Student loans. Medical bills. Mortgages. The national deficit. Debt touches so many parts of American life, from the individual citizen to the United States as a whole. A complex issue, debt can be alternately beneficial, such as when building credit, or it can do irreparable damage to a person's credit score, housing prospects, lifestyle, and more. The articles collected in this volume trace the issues that affect students, consumers, corporate entities, and the nation when it comes to addressing and managing debt. Media literacy questions and terms aid readers in assessing news coverage of the topic.
From the Reum brothers--former Goldman Sachs investment bankers, successful operators, and investors--comes Shortcut Your Startup, a practical playbook for both aspiring and seasoned entrepreneurs, filled with unconventional yet accessible advice for maximizing your business venture.
Small Time Operator is one of the most popular business start-up guides ever. In clear, easy-to-understand language, the author covers: -Getting permits and licenses -How to finance a business -Creating and using a business plan -Choosing and protecting a business name -Deciding whether to incorporate -Establishing a complete bookkeeping system -Hiring employees -Federal, state, and local taxes -Buying a business or franchise -Dealing with--and avoiding--the IRS -Doing business on the Internet -Handling insurance, contracts, pricing, trademarks, and patents In this new edition, the book will feature a section on surviving the Global Information Grid or GIG economy. This book will give on-demand workers everything they need to know about being self-employed.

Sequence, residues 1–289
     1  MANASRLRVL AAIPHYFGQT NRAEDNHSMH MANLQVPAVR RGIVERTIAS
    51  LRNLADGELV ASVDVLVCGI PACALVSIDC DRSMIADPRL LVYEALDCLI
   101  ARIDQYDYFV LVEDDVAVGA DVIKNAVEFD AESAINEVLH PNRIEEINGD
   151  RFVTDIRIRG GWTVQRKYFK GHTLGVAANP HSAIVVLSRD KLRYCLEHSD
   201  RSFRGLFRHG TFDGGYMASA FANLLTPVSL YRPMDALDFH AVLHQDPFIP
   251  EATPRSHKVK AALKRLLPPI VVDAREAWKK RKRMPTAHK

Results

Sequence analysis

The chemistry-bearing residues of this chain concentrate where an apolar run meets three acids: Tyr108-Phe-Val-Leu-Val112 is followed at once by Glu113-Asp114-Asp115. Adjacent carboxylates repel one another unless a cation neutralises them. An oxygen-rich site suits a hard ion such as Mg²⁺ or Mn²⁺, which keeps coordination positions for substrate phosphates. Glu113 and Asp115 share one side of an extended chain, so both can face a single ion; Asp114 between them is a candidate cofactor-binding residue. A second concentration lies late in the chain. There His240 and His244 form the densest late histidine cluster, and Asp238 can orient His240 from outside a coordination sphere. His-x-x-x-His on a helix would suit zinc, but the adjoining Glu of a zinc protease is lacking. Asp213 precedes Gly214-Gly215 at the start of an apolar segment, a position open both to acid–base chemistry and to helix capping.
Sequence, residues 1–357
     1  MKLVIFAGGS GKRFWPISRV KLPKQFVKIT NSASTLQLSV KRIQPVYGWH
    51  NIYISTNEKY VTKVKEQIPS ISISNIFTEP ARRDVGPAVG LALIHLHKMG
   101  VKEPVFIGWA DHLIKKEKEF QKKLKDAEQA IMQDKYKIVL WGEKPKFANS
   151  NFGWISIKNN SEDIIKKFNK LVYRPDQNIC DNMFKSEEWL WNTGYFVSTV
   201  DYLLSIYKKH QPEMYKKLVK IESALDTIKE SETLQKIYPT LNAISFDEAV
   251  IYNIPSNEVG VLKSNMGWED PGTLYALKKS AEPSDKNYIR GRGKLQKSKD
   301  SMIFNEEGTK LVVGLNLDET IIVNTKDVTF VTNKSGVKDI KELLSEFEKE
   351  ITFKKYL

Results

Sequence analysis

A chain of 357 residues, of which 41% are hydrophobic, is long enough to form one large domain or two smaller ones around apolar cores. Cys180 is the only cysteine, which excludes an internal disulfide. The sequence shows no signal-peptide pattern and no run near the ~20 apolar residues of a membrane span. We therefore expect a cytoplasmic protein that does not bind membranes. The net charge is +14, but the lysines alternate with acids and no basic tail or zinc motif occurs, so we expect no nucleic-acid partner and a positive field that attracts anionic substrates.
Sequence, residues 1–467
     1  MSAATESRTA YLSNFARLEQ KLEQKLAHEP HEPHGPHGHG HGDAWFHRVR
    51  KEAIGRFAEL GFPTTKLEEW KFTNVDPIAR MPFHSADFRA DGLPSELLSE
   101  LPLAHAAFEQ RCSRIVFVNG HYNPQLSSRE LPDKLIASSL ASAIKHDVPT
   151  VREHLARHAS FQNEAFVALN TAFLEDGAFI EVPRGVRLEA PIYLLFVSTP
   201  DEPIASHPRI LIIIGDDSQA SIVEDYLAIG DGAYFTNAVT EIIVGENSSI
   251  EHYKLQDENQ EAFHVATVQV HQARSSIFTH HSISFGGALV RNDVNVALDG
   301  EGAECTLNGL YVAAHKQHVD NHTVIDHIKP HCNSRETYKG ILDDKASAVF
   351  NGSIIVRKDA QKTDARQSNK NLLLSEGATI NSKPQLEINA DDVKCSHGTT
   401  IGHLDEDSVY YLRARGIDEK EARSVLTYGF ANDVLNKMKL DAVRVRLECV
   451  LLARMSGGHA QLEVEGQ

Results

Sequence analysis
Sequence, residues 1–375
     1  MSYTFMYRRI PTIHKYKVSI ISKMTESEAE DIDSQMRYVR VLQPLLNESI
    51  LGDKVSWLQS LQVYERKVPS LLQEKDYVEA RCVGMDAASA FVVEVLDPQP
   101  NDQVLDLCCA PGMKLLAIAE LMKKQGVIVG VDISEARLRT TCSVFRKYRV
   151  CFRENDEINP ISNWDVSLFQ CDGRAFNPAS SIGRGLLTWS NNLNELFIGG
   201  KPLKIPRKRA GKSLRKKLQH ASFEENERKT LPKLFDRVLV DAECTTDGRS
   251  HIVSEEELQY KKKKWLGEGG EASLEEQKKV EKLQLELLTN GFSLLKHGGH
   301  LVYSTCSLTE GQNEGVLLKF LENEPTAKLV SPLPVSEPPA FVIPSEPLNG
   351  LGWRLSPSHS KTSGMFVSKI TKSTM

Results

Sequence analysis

The Surprising Science of Meetings by Steven G. Rogelberg
Publication Date: 2019-01-02
In workplaces around the world, meetings are where productivity and creativity go to die. Steven Rogelberg is the world's leading expert on how to fix them, and here he shares the best evidence on how we can stop wasting time and falling victim to group think. A recent estimate suggests that employees endure a staggering 55 million meetings a day in the United States. This tremendous time investment yields only modest returns. No organization made up of human beings is immune from the all-too-common meeting gripes: those that fail to engage, those that inadvertently encourage participants to tune out, and those that blatantly disregard participants' time. For those who lead and participate in meetings, Rogelberg provides immediate direction, guidance, and relief, offering a how-to guide to change your working life starting today.